Memory model

< c‎ | language

Defines the semantics of computer memory storage for the purpose of the C abstract machine.

The data storage (memory) available to a C program is one or more contiguous sequences of bytes. Each byte in memory has a unique address.


[edit] Byte

A byte is the smallest addressable unit of memory. It is defined as a contiguous sequence of bits, large enough to hold any member of the basic execution character set (the 96 characters that are required to be single-byte). C supports bytes of sizes 8 bits and greater.

The types char, unsigned char, and signed char use one byte for both storage and value representation. The number of bits in a byte is accessible as CHAR_BIT.

For use of bytes to representation values of other fundamental types (including big-endian and little-endian memory layouts), see object representation

[edit] Memory location

A memory location is

  • an object of scalar type (arithmetic type, pointer type, enumeration type)
  • or the largest contiguous sequence of bit-fields of non-zero length
struct S
    char a;     // memory location #1
    int b : 5;  // memory location #2
    int c : 11, // memory location #2 (continued)
          : 0,
        d : 8;  // memory location #3
        int ee : 8; // memory location #4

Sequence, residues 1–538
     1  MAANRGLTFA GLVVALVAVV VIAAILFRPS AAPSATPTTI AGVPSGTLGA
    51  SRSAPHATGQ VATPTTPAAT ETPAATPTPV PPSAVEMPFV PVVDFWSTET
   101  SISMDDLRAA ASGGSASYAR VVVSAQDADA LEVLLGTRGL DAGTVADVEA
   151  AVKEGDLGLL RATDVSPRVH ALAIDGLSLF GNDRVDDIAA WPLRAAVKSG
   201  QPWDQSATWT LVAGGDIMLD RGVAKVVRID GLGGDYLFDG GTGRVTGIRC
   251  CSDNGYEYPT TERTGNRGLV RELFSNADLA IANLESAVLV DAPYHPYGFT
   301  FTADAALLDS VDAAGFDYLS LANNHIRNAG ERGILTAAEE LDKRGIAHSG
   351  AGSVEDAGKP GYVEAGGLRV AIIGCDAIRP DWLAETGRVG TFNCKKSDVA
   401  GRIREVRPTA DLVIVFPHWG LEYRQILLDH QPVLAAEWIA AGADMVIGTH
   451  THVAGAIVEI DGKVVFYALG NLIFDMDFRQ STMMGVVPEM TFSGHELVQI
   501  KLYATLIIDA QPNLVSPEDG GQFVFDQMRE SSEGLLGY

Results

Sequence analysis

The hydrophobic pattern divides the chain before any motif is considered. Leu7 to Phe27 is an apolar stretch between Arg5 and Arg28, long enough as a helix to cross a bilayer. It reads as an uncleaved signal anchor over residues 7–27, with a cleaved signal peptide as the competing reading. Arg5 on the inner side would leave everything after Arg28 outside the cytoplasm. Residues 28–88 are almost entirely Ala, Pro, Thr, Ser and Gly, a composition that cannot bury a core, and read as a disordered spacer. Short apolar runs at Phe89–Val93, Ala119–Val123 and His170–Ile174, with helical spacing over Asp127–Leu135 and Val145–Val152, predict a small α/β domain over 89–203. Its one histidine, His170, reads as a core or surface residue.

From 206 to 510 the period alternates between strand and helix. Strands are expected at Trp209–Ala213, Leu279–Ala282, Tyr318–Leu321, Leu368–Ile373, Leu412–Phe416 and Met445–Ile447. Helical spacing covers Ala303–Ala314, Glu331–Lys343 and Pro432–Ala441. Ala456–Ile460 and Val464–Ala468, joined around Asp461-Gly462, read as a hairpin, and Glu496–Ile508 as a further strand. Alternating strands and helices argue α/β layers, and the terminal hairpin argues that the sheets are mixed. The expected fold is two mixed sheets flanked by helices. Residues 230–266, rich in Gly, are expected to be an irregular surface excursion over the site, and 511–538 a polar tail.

} e;
} obj; // The object 'obj' consists of 4 separate memory locations

Threads and data races

A thread of execution is a flow of control within a program that begins with the invocation of a top-level function by thrd_create or other means.

Any thread can potentially access any object in the program (objects with automatic and thread-local storage duration may still be accessed by another thread through a pointer).

Different threads of execution are always allowed to access (read and modify) different memory locations concurrently, with no interference and no synchronization requirements. (note that it is not safe to concurrently update two non-atomic bit-fields in the same structure if all members declared between them are also (non-zero-length) bit-fields, no matter what the sizes of those intervening bit-fields happen to be)

When an evaluation of an expression writes to a memory location and another evaluation reads or modifies the same memory location, the expressions are said to conflict. A program that has two conflicting evaluations has a data race unless either

If a data race occurs, the behavior of the program is undefined.

(in particular, mtx_unlock is synchronized-with, and therefore, happens-before mtx_lock of the same mutex by another thread, which makes it possible to use mutex locks to guard against data races)

Memory order

When a thread reads a value from a memory location, it may see the initial value, the value written in the same thread, or the value written in another thread. See memory_order for details on the order in which writes made from threads become visible to other threads.

(since C11)

[edit] References

  • C11 standard (ISO/IEC 9899:2011):
  • 3.6 byte (p: 4)
  • 3.14 memory location (p: 5)
  • Multi-threaded executions and data races (p: 17-21)
  • C99 standard (ISO/IEC 9899:1999):
  • 3.6 byte (p: 4)
  • C89/C90 standard (ISO/IEC 9899:1990):

[edit] See also

C++ documentation for Memory model